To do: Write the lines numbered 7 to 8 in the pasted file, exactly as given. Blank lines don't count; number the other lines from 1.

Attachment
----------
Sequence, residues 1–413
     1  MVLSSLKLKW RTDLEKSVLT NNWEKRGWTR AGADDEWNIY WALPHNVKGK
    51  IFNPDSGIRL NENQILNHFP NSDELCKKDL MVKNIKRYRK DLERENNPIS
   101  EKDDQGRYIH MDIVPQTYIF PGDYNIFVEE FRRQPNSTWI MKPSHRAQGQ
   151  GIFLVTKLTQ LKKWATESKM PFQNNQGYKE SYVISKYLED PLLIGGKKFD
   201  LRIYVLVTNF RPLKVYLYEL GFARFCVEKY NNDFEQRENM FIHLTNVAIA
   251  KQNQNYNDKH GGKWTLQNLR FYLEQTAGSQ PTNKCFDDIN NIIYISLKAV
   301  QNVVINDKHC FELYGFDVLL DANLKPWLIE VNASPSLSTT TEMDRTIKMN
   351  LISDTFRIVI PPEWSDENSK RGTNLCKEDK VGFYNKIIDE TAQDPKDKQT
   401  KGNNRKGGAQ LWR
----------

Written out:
   251  KQNQNYNDKH GGKWTLQNLR FYLEQTAGSQ PTNKCFDDIN NIIYISLKAV
   301  QNVVINDKHC FELYGFDVLL DANLKPWLIE VNASPSLSTT TEMDRTIKMN